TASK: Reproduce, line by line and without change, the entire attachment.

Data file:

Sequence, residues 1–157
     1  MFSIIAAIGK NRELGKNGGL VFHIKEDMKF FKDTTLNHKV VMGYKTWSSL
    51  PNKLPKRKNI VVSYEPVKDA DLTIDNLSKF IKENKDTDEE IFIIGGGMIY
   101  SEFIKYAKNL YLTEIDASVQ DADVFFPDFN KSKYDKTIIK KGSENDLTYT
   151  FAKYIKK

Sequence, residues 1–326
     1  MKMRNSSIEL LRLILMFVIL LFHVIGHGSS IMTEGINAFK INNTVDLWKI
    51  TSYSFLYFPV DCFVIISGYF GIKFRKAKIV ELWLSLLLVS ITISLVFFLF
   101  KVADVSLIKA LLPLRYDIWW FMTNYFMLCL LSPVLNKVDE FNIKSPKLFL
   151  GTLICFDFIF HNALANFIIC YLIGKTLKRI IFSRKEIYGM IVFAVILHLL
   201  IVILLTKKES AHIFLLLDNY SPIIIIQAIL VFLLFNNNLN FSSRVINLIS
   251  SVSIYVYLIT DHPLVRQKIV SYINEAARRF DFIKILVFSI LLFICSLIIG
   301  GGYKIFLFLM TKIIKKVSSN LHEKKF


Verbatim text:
Sequence, residues 1–157
     1  MFSIIAAIGK NRELGKNGGL VFHIKEDMKF FKDTTLNHKV VMGYKTWSSL
    51  PNKLPKRKNI VVSYEPVKDA DLTIDNLSKF IKENKDTDEE IFIIGGGMIY
   101  SEFIKYAKNL YLTEIDASVQ DADVFFPDFN KSKYDKTIIK KGSENDLTYT
   151  FAKYIKK

Sequence, residues 1–326
     1  MKMRNSSIEL LRLILMFVIL LFHVIGHGSS IMTEGINAFK INNTVDLWKI
    51  TSYSFLYFPV DCFVIISGYF GIKFRKAKIV ELWLSLLLVS ITISLVFFLF
   101  KVADVSLIKA LLPLRYDIWW FMTNYFMLCL LSPVLNKVDE FNIKSPKLFL
   151  GTLICFDFIF HNALANFIIC YLIGKTLKRI IFSRKEIYGM IVFAVILHLL
   201  IVILLTKKES AHIFLLLDNY SPIIIIQAIL VFLLFNNNLN FSSRVINLIS
   251  SVSIYVYLIT DHPLVRQKIV SYINEAARRF DFIKILVFSI LLFICSLIIG
   301  GGYKIFLFLM TKIIKKVSSN LHEKKF